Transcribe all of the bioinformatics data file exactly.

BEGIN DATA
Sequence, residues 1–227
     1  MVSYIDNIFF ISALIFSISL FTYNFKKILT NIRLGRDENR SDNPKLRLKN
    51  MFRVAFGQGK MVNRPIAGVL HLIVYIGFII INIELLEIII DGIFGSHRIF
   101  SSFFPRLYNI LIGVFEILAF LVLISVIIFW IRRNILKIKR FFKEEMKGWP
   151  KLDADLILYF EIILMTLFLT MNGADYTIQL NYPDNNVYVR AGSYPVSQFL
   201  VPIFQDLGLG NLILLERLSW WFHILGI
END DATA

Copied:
Sequence, residues 1–227
     1  MVSYIDNIFF ISALIFSISL FTYNFKKILT NIRLGRDENR SDNPKLRLKN
    51  MFRVAFGQGK MVNRPIAGVL HLIVYIGFII INIELLEIII DGIFGSHRIF
   101  SSFFPRLYNI LIGVFEILAF LVLISVIIFW IRRNILKIKR FFKEEMKGWP
   151  KLDADLILYF EIILMTLFLT MNGADYTIQL NYPDNNVYVR AGSYPVSQFL
   201  VPIFQDLGLG NLILLERLSW WFHILGI